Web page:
Monthly Archives: February 2017
Homemade Fruit By The Foot
4 cups mixed berries (I used raspberries, blueberries, strawberries, and blackberries)
1/2 cup unsweetened apple juice or water
1 teaspoon lemon juice
1/4 teaspoon lemon zest
1 tablespoon honey (you may need more if your berries are really sour)
*If using frozen berries, omit the apple juice and substitute 1/2 cup unsweetened apple sauce
Combine all of the ingredients in a saucepan over medium-high heat. Simmer for 20 minutes, until the berries have popped and some of the liquid has evaporated.
Pour the mixture into a blender, then carefully blend until smooth.
Line 2 rimmed baking trays with a SilPat or parchment paper, then pour half of the fruit mixture through a fine mesh sieve and onto the first tray and half onto the second. Use a spatula to lightly spread the mixture evenly across the baking sheet, to about 1/8 inch thick.
If you have a dehydrator with a fan in the back, these will only take about 3 hours on the high (150 degrees) setting. Without a fan, they’ll take about 8-10 hours on 150 degrees. I would assume that a convection oven would also take less time, but have not tried it yet.
You will know they’re done when you touch them lightly with your finger and they are no longer sticky. If the edges get a little too brittle and dry, you can brush a tiny bit of water over it and will be good as new!
Health and Wellness Associates
1 tablespoon coconut oil, for greasing
3/4 cup shredded zucchini
4 large eggs
1/2 cup maple syrup
1/2 cup Apple & Broccoli squeeze packets
1/3 cup coconut flour
1/4 cup cacao powder
3 tablespoons arrowroot powder
1 1/2 teaspoons baking soda
3/4 teaspoon ground cinnamon
1/2 teaspoon ground nutmeg
1/4 teaspoon sea salt
1/2 cup dairy-free chocolate chips
Preheat the oven to 350°F. Line a muffin tin with baking cups or grease with coconut oil.
Place the shredded zucchini on a tray lined with a paper towel to drain some of the moisture while you prepare the batter.
Place the eggs, maple syrup, and Apple & Broccoli puree in the stand-mixer and mix on medium speed until combined.
Add the coconut flour, cacao powder, arrowroot powder, baking soda, cinnamon, nutmeg, and sea salt and mix again on medium speed until combined.
Wrap the paper towel around the zucchini and give it a light squeeze to remove excess moisture and fold it into the batter along with 1/4 cup of the chocolate chips.
Divide the batter evenly among the muffin cups, filling each 2/3 of the way full. Sprinkle the remaining 1/4 cup of the chocolate chips on top. Bake for 22-25 minutes. Cool in the pan for 10 minutes, then on a wire rack until completely cool.
Freezing : Let them cool completely then freeze in a ziploc or a resealable container.
Reheating: I take a few out at a time and keep them in the fridge so they’re ready to be eaten. If you want to eat them directly from the freezer, throw them in an oven or toaster oven on 350° F for 10 minutes to thaw and heat.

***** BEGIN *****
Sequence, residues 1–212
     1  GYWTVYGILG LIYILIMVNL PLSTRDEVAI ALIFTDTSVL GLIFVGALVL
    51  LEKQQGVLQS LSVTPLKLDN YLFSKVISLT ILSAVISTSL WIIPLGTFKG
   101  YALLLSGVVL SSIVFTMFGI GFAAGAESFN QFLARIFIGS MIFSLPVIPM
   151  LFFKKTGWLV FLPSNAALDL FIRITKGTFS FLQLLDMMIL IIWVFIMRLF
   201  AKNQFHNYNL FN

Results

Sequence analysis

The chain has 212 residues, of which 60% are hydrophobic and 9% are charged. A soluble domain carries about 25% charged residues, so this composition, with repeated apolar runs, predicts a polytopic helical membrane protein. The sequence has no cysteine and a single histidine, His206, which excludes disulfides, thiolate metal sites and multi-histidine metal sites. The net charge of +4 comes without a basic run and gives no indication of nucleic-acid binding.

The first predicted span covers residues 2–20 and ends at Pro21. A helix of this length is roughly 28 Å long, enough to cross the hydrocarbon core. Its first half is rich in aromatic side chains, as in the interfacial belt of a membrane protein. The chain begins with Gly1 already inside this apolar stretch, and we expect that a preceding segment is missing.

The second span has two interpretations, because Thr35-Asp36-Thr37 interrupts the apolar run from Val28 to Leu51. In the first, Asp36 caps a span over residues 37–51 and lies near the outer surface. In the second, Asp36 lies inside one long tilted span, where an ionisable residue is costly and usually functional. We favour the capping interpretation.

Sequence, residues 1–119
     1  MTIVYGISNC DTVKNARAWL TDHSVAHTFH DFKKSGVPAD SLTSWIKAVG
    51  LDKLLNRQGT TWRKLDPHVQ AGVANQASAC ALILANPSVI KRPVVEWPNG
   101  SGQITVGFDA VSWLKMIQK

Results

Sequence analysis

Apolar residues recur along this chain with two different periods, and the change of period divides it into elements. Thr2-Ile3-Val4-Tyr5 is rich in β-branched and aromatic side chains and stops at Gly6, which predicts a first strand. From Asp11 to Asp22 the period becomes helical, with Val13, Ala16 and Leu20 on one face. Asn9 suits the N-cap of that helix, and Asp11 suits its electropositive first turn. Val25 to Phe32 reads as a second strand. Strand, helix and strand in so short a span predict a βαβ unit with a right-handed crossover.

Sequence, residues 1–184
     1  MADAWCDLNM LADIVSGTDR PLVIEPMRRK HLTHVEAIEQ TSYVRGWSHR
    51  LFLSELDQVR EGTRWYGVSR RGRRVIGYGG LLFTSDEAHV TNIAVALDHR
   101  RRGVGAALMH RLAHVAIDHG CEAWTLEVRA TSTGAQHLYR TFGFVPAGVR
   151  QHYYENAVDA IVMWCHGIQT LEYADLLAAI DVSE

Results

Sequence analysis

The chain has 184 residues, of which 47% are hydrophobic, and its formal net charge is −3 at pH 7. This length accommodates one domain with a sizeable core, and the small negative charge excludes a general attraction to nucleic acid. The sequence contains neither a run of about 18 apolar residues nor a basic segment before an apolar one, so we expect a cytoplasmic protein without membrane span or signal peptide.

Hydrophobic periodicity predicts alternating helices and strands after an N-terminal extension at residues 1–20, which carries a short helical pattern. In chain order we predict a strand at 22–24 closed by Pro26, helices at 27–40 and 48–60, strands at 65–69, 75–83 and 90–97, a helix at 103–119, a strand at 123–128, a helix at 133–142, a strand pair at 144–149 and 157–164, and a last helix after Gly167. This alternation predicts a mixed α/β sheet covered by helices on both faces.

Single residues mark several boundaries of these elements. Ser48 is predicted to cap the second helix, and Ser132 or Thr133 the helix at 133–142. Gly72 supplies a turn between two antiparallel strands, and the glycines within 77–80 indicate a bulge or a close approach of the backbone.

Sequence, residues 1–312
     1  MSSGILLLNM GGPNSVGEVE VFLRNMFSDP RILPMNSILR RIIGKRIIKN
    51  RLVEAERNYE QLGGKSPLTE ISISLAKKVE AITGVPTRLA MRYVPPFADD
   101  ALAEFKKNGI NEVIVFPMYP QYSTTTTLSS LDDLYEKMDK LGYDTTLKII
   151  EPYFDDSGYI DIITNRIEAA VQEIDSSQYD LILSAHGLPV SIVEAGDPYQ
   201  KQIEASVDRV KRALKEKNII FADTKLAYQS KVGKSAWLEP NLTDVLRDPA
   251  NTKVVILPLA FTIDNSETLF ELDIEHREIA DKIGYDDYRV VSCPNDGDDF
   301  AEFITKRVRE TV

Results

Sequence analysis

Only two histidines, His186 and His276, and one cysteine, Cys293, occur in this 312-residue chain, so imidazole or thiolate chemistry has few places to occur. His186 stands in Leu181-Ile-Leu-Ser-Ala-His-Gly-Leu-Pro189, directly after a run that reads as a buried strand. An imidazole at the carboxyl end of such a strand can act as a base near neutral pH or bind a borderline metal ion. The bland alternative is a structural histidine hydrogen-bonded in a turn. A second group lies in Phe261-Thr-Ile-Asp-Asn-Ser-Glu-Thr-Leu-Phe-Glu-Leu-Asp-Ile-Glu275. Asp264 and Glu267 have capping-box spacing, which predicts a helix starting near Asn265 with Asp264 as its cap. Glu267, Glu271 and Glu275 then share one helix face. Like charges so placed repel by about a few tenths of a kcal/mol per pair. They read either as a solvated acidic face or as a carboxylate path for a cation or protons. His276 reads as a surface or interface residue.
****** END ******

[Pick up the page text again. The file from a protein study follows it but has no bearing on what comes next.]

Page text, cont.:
Health and Wellness Associates
Thank you to S. Valentino
ghee or coconut oil for greasing pan
1/2 cup unsweetened almond milk
4 teaspoons apple cider vinegar
3 cups whole raw cashews, about 450g
7 tablespoons coconut flour
2 teaspoons baking soda
1 teaspoon sea salt
Place a heatproof dish filled with 2 inches of water on the bottom rack of the oven and preheat the oven to 325°F. Lightly grease a 10 by 41⁄2-inch loaf pan with ghee or coconut oil. Line the bottom and sides of the pan with parchment paper so the ends hang over the sides.
Combine the eggs, almond milk, vinegar, cashews, baking soda, and salt in a high-speed blender and process on low speed for 15 seconds. Scrape down the sides and then process on high for 30 seconds, or until very smooth. Add the coconut flour and blend again for 30 seconds. If the batter is too thick to blend, add up to 2 tablespoons water until it is moving easily through the blender. Transfer the batter to the prepared loaf pan.
Bake for 60 to 70 minutes, until a toothpick inserted into the center comes out clean.
Allow the bread to cool in the pan for 30 minutes, then gently remove the loaf using the parchment paper overhangs and allow to cool on a wire rack before serving or storing. Store the loaf tightly wrapped in parchment and cling wrap in the refrigerator for up to 5 days.
To freeze – wrap the loaf tightly in parchment paper and place inside a freezer reseal able bag. Press all of the air out and zip it tight. Defrost in the refrigerator overnight.
Health and Wellness Associates
Ty to S. Valentino for sending this
picture from yahoo
Miralax is advertised as natural. It’s described as a tool to pull water into your colon so your gut can eliminate naturally. But there’s nothing natural about Miralax, as its active ingredient polyethylene glycol is a petroleum derivative. In essence, it’s plastic.
What’s more, Miralax is not approved for use in children. The US Food and Drug Administration (FDA) has only approved it for adult usage and even then only for seven days at a time. If your pediatrician or doctor has recommended Miralax for your child you better ask why? Even the slow moving FDA has said NO to children in 2008.
No one knows what for sure what happens when children take PEG laxatives chronically, but a growing number of adverse events are being reported, including concerning neurological disturbances, kidney problems and more. With scrutiny increasing, and a new study into their side effects underway, it’s time to think twice before turning to laxatives for constipation.
Laxatives with the active ingredient polyethylene glycol 3350 (PEG 3350), the most popular of which is Miralax, are commonly given to children with constipation. Some of these children end up using the drug daily for years, which their parents (and likely their doctors as well) probably assume is safe.
FDA Study Detected Antifreeze Chemicals in Laxatives